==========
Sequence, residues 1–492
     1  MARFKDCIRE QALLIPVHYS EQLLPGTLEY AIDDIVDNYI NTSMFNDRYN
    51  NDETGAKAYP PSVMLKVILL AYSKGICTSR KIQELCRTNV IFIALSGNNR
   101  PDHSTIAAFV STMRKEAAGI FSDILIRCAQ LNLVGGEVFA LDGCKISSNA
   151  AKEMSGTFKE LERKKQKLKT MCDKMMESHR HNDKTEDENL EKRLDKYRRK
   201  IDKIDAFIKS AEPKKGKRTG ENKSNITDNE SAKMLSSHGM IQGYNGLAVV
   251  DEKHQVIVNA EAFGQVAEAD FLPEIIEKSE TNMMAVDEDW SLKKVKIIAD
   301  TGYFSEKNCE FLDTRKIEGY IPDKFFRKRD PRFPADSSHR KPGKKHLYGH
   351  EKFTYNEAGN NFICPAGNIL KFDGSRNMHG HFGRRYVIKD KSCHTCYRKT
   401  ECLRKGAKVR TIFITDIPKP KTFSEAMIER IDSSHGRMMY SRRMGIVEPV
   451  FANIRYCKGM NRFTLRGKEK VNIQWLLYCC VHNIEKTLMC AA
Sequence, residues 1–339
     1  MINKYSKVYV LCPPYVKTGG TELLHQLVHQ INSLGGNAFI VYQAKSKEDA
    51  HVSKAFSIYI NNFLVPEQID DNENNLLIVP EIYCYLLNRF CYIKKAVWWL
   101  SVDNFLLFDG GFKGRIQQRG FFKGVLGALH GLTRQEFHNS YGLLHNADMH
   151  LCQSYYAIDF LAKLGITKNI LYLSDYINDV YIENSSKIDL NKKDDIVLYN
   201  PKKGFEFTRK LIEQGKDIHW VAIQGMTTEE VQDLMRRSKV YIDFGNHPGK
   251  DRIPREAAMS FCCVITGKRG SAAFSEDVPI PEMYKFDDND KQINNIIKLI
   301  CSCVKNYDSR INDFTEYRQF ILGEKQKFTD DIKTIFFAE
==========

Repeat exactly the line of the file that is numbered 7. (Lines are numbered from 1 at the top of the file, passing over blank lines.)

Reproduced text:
   251  DEKHQVIVNA EAFGQVAEAD FLPEIIEKSE TNMMAVDEDW SLKKVKIIAD